In gratitude, the young thief said, “When I was caught stealing, I expected to be punished, but instead you showed me kindness. Thank you. I have learned a lot today.”

Bobby’s father invited the young boy to walk with them to the farmhouse. When they got there, Bobby’s father asked the young thief what items he and his family needed. He graciously gave them to the boy. Voluntarily, month-by-month, the young would-be thief paid for all the food Bobby’s father had given him, including the sacks of potatoes.

About the author

Clever Dude


  • @Chad, that’s my same argument. The feds are pushing corn for ethanol, but what about the water table in the midwest? It really can only support so much farming.

    However, the fact that we can utilize solar energy to run desalinization plants to create fresh water counters that argument. Sure, there’s limited fresh water, but almost limitless water in general. You just need to work harder to use it 😛

  • Wow. I have to agree with the 1st commenter. I’ve been away from this site for a while and I come back to this religious nonsense. The missing line from the story is “…and when Jesus comes back to rapture us next month he’ll be proud of the way we raped the land!”

    Yes, don’t steal. Yes, “create” wealth.
    No, natural resources are not unlimited. No, poor people are not just “not producing.”
    Where did the farmer’s first $270,000 come from?

    I cannot begin to enumerate all of the logical fallacies in this story that was explicitly designed to paint environmentalist as anti-Bible thugs.

    I guess the responsible thing for me to do would be to write a point by point rebuttal. Maybe, but I’m too angry right now to do that thoughtfully.

    I have one more quick question for the farmer: does he sell the potato for exactly what it cost for him to grow it? No, he marks it up? How much? Did Jesus specify a exact markup to the temple potato, I mean money changers?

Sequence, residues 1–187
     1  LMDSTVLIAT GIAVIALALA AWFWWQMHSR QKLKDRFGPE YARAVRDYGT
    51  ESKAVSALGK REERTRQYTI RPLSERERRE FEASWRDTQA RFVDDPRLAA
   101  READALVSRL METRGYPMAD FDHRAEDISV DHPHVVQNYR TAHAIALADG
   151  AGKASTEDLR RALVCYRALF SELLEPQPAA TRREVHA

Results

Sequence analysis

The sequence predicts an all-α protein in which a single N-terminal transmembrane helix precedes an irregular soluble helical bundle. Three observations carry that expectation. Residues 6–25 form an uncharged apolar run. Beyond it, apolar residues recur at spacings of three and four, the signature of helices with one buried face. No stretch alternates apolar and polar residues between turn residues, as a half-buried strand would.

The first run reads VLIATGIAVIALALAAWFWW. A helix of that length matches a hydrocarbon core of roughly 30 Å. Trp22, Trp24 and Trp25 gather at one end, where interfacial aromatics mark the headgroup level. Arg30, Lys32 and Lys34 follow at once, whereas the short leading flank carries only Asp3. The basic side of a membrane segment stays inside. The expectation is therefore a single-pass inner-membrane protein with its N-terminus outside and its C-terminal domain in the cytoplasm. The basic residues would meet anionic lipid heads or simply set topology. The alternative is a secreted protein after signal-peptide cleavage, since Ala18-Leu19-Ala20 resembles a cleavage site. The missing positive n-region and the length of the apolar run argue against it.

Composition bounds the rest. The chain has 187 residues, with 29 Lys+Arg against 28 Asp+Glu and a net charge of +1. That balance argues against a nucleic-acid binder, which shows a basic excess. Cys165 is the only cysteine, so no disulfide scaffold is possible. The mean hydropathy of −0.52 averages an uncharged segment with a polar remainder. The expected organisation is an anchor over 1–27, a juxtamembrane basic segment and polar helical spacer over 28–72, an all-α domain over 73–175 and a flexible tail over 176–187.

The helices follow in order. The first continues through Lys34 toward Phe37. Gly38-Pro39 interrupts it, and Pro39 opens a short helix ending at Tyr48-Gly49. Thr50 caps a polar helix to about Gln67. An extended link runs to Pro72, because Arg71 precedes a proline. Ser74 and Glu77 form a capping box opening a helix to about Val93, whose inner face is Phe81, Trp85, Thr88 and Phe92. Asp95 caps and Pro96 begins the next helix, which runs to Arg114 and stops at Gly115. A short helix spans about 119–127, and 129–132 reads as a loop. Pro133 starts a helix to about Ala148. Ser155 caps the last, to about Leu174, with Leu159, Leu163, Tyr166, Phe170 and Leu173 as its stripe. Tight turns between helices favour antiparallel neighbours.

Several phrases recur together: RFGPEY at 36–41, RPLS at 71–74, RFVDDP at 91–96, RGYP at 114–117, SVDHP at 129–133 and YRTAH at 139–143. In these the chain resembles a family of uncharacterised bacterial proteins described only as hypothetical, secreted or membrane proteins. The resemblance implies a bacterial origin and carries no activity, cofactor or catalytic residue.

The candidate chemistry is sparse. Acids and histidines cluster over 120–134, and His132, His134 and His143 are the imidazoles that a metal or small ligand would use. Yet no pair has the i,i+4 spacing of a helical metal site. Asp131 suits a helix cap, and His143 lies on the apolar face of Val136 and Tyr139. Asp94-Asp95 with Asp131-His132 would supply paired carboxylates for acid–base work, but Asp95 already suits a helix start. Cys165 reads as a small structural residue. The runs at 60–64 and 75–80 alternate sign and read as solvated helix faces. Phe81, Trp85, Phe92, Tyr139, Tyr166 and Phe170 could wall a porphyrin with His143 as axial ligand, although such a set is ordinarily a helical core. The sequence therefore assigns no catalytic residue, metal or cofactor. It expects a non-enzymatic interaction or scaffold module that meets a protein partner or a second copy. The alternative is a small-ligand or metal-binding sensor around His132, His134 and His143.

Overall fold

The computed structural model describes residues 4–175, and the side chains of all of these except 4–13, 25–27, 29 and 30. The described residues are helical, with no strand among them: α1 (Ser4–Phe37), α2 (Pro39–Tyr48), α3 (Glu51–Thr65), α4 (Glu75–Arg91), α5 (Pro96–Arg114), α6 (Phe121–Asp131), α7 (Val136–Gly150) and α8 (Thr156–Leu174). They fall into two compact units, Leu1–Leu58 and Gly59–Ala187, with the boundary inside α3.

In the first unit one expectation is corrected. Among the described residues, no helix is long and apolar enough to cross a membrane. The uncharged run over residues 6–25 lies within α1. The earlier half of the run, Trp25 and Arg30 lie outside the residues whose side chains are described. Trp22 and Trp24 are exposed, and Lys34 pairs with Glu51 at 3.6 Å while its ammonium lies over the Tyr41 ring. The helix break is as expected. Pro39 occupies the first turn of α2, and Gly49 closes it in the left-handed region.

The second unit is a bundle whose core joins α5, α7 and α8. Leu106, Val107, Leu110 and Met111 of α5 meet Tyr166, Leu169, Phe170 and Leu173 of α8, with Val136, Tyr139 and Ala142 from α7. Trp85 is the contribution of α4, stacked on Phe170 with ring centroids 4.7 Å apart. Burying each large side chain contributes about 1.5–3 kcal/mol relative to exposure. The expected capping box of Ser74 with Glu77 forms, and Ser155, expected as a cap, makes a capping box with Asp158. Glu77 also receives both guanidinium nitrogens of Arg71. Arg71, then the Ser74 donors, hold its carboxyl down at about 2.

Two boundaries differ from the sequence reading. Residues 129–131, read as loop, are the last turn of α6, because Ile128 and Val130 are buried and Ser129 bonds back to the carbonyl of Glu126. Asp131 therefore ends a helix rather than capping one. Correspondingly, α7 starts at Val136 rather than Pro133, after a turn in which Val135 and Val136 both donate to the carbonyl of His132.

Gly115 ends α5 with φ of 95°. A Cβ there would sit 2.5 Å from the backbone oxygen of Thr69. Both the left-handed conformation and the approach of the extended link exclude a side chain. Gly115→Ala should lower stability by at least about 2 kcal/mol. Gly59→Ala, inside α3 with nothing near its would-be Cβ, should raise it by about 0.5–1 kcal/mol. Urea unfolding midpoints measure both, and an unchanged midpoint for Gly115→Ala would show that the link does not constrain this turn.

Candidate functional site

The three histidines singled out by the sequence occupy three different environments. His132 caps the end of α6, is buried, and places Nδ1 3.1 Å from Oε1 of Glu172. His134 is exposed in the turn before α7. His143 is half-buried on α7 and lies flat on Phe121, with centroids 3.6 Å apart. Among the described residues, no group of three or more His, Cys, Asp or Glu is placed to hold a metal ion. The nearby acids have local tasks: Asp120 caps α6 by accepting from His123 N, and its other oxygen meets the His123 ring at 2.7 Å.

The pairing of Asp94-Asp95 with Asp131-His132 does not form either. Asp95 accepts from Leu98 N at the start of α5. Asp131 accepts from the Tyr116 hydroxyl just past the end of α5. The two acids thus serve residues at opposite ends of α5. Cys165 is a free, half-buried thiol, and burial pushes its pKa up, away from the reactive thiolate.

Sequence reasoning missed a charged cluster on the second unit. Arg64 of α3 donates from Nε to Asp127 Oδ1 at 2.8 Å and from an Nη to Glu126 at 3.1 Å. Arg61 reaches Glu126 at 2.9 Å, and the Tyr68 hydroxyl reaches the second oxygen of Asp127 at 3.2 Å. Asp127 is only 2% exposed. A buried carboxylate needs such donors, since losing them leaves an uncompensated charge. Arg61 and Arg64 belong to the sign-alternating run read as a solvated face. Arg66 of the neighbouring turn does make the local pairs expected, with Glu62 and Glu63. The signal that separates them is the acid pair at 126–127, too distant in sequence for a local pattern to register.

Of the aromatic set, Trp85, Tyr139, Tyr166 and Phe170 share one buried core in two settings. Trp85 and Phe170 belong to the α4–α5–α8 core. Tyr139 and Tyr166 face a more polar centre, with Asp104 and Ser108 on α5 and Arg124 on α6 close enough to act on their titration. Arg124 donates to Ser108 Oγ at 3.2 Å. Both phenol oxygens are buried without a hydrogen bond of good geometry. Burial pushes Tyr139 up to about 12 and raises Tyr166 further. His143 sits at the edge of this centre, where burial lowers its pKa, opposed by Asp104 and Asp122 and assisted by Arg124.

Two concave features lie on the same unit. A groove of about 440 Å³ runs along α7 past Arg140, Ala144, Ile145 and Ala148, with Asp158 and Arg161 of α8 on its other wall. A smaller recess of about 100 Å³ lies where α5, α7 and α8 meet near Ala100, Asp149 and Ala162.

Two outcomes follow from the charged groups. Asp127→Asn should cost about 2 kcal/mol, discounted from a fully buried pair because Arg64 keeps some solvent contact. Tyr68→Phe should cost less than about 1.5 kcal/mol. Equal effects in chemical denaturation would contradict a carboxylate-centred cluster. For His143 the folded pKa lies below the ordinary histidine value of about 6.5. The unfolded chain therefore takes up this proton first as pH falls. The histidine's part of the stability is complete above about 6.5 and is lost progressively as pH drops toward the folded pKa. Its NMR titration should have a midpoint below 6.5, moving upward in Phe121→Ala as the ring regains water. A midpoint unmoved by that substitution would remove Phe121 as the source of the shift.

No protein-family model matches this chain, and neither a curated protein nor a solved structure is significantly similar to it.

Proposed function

• This story is fine and I have no argument with someone owning or being worth a lot, but assuming that the farmer only has a positive influence on his overall environment is erroneous. He had to get a huge amount of water from somewhere, and that was probably a river. If enough people pulled that amount of water out of the river the farms, the people, the golf courses, etc. downstream would run out of water. Thus, the farmer is taking from someone to create his wealth.

    This is happening right now in Arizona, Nevada and eastern California. Arizona and Nevada are using water up that used to flow into eastern California farms.

    There is a limit to everything and just believing that there will always be enough won’t prevent us from running out. Read the book Collapse by Jared Diamond. He uses real examples of societies that have died and prospered throughout history to show how we can’t just blindly use up everything.

  • @Clever Dude
    I couldn’t agree with you more on ethanol. It’s a complete waste. If the 1st primary wasn’t held in Iowa, we probably wouldn’t even be talking about ethanol.